Senior Environmental Health Scientist Vince Radke will speak on “Smallpox: Eradicating the World’s Deadliest Disease – A Personal Experience” at 7 p.m. Thursday, Oct. 27, in East Central University’s Stanley Wagner Ballroom of the Memorial Student Union.
The event is free and open to the public and is being co-sponsored by ECU’s Environmental Health Science Club and Tri-Beta Biology Club. Refreshments will be served.
Radke, who works at the National Center for Environmental Health for the Centers for Disease Control and Prevention, will talk about the challenges he faced to bring prevention activities to some of the most remote parts of Africa, including Ethiopia, Kenya and Bangladesh, without the use of cell phones and computers.
Radke graduated from Michigan State University with a degree in biology and was recruited to join the World Health Organization in its smallpox eradication efforts.
Smallpox entered into the human population between 3,000 and 10,000 years ago. Pharaoh Ramses V is believed to die from smallpox in 1157 B.C. His mummified body was recovered in 1898. Smallpox may have also caused the Athens Plague that killed Pericles.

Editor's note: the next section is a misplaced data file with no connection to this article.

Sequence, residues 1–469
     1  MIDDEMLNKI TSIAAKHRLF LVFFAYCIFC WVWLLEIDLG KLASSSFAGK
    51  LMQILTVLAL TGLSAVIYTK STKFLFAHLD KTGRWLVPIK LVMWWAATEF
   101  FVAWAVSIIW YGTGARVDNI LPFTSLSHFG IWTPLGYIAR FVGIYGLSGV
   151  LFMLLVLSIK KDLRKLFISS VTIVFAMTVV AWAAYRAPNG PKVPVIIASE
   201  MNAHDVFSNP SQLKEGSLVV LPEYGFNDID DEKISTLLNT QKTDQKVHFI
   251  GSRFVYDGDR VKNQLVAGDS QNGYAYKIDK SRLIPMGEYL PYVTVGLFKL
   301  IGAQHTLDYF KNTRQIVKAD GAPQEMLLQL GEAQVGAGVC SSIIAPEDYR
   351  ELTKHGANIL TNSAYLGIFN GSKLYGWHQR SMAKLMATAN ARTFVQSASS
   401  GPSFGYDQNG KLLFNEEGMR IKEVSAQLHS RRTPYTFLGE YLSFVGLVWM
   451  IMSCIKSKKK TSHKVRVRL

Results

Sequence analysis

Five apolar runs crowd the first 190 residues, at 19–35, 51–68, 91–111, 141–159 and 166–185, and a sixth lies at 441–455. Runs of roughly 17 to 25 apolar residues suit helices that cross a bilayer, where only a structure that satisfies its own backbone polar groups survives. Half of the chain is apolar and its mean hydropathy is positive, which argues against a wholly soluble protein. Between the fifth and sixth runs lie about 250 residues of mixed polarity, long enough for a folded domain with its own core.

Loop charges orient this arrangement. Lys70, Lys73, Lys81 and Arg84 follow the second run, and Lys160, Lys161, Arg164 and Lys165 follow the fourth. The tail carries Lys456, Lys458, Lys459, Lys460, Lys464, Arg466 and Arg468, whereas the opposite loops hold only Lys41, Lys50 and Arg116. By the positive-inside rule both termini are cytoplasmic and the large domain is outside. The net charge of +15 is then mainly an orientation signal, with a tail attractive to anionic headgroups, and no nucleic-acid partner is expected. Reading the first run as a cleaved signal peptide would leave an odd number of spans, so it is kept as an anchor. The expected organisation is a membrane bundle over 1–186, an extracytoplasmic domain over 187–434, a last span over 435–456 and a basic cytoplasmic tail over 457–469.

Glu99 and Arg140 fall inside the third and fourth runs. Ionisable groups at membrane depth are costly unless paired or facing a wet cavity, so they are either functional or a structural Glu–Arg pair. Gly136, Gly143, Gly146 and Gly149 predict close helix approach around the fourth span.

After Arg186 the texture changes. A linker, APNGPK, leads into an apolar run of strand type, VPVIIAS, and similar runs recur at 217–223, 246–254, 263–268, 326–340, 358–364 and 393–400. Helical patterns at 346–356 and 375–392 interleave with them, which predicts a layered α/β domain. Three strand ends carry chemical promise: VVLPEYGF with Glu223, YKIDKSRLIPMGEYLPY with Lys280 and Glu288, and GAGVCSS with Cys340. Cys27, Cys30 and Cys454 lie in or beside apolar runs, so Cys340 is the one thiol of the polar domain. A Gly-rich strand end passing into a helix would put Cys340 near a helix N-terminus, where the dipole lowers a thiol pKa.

It is smallpox, that when introduced into the new world, contributed to a wave of death that wiped out tens of thousands Native Americans from South America to Alaska. There is evidence that smallpox was used as a biological weapon during the French and Indian War.
It is estimated that 300-500 million died from smallpox during the 20th century.
During the smallpox eradication program which lasted from 1966-1980, Ethiopia was a focal point where conditions were particularly difficult due to the lack of roads, civil war, famine and refugees. It was in this area where Radke, an officer in the U.S. Peace Corp, did his work.
Smallpox was officially considered to be eradicated in 1980 by the World Health Organization and it is believed that samples of the smallpox virus exist in a frozen state in two locations – the Centers for Disease Control and Prevention in Atlanta and the State Research Center of Virology and Biotechnology Institute (VECTOR) in Koltsovo, Russia.
Even though smallpox has been declared eradicated, the U.S. Military provides as many as 15,000 immunizations to its personnel per month. The U.S. Federal Government maintains stockpiles of several vaccines, including those for smallpox.
For more information on the event contact Dr. Pat Bohan, professor in the Environmental Health Science Department, at email@example.com or 580-559-5658.